Every Tampa Water Department customer has one or more water meters that measure the amount of water you have used. You can read the meter servicing your property by:
- Verifying the reading that appears on your monthly bill
- Monitoring how much water you use in a day
- Check for water leaks
Finding Your Water Meter
The water meter on your property is usually housed in a concrete box in the ground near the street, between the sidewalk and curb (right-of-way). Most meter boxes have a metal, concrete, or composite cover or lid marked “water” or “water meter” as shown in the photos. Other meters have a simple lid you can flip open to read the meter.
To remove the cover, you will need a tool, such as a large screwdriver. Insert the screwdriver in the hole and carefully lift the cover from the box. Please be careful as most of the lids are very heavy.
Understanding Your Water Meter
Most of the Tampa Water Department meters look like the one pictured above.
- Meter Dial: The dial is partitioned into 10 divisions and looks very similar to a clock.
- Meter Register (Odometer): The water meter records your total water use in a similar way as the odometer on your car records miles driven. The reading on your water meter is the total amount of water that has been used by the household since it was installed or replaced. Read the numbers straight across, from left to right. Each turn of a number in the white register indicates that 100 cubic feet (or 748 gallons) of water has passed through the meter.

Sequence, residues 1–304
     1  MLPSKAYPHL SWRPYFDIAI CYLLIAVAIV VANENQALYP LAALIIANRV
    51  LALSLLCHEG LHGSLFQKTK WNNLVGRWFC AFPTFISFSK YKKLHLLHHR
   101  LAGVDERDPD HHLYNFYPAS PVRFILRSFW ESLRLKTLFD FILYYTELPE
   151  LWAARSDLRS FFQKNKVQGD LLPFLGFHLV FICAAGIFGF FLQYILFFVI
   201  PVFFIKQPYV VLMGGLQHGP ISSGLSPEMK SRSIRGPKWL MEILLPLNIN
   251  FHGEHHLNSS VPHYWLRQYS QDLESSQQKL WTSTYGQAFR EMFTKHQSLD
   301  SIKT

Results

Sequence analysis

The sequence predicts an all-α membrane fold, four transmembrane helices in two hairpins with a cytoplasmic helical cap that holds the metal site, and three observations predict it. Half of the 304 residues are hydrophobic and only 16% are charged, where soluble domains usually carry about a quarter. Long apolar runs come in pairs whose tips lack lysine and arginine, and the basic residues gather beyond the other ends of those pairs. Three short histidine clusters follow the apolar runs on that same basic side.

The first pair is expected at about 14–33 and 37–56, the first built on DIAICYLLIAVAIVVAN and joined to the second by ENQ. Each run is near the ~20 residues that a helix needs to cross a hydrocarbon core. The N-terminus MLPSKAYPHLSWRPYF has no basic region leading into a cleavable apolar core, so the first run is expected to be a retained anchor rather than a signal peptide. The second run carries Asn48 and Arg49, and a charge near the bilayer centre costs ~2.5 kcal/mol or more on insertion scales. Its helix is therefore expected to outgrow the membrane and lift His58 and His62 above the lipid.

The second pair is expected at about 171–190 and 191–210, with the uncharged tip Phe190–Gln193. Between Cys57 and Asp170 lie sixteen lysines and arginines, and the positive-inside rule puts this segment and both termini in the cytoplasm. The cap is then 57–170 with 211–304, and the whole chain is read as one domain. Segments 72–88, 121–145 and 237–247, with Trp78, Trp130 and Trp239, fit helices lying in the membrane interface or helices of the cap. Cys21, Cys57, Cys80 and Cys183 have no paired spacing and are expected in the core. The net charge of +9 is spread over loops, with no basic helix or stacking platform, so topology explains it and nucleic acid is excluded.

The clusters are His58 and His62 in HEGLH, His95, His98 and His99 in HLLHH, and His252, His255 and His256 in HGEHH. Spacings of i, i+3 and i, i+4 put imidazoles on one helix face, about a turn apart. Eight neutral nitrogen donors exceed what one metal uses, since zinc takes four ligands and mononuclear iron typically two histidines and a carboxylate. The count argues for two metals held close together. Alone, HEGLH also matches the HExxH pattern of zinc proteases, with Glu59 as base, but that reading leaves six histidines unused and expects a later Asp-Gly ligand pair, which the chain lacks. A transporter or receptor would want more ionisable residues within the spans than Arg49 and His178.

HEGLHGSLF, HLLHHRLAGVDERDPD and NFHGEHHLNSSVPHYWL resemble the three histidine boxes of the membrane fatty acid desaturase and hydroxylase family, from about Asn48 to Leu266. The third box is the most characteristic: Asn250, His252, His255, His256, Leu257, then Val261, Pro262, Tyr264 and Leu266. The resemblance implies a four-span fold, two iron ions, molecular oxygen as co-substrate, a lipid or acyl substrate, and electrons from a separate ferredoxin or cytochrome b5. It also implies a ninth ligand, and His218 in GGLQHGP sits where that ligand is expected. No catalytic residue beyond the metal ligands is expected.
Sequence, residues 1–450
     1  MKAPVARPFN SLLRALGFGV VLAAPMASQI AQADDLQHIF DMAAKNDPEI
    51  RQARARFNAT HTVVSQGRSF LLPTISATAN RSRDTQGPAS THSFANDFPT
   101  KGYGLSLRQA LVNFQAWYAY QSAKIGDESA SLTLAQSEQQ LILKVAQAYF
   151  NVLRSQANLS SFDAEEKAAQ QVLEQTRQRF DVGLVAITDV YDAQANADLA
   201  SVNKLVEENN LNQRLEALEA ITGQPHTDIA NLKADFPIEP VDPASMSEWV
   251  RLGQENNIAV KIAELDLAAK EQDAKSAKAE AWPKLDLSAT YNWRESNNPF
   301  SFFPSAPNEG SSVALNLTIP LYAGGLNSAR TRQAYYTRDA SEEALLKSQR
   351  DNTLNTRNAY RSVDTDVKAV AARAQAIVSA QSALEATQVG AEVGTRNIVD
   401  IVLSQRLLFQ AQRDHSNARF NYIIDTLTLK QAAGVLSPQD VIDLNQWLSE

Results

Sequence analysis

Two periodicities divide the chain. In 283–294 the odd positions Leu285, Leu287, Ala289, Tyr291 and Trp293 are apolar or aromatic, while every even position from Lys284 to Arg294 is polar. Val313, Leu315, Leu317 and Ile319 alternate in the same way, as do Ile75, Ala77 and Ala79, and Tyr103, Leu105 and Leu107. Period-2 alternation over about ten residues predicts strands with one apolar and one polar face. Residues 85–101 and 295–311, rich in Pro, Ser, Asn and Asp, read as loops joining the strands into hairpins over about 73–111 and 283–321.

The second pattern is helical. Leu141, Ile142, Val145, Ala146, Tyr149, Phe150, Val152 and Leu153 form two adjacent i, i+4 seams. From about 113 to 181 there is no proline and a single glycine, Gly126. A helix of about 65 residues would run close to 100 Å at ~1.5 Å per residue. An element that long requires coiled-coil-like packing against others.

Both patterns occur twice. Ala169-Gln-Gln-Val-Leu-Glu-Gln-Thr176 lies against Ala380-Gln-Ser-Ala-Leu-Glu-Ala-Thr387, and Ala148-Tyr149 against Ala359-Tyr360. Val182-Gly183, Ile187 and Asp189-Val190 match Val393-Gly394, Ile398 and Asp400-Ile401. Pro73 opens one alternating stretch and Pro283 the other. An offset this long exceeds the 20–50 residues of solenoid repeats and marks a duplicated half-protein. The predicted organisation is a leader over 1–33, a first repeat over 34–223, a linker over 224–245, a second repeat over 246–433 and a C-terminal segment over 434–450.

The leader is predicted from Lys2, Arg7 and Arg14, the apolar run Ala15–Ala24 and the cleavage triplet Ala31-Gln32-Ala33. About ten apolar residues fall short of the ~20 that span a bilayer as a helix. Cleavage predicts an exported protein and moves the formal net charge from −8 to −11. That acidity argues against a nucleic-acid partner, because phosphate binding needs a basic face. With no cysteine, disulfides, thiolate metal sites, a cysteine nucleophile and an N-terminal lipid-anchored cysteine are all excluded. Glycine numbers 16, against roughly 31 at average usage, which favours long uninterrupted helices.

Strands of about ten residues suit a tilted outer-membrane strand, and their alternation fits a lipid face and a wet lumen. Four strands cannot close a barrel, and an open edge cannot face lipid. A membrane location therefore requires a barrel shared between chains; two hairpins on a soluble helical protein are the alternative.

- Sweep Hand: The large red needle on the dial measures water use in cubic feet. The markings at the outer edge of the dial indicate tenths and hundredths of one cubic foot. A complete rotation of the sweep hand equals one cubic foot of water (7.48 gallons). The sweep hand does not move if water is not moving through it.
- Low-Flow Indicator: The small red triangle shaped dial on the meter face rotates as water moves through the water meter. The Low Flow Indicator will rotate with very little water movement. This indicator should not be moving if no water is being used inside or outside your home. If you see that it is rotating, and you’ve shut off the water inside and outside your home, then you probably have a leak.
Calculating Your Water Bill (Usage)
Use the following steps to determine how much water you use over a period of time.
|Step 1: Write down the numbers you see on the meter register, as well as the date. After a period of days (for example, 1 week), read the meter register again and write it down and write down the date.||Day 1 reading: 007640; Reading one week later: 008330|
|Step 2: Subtract the first reading from the second reading. This number is your water use in cubic feet.||008330 - 007640 = 690 cubic feet|
|Step 3: One cubic foot is equal to 7.48 gallons. To see your water use in gallons, multiply the water use number you calculated in Step 2 by 7.48.||690 x 7.48 = 5,161 gallons of water (approximately)|
|Step 4: Divide the water use in gallons by the number of days between readings. This is your average gallons per day during the period.||5,161 gallons / 7 days = 737 gallons per day (approximately)|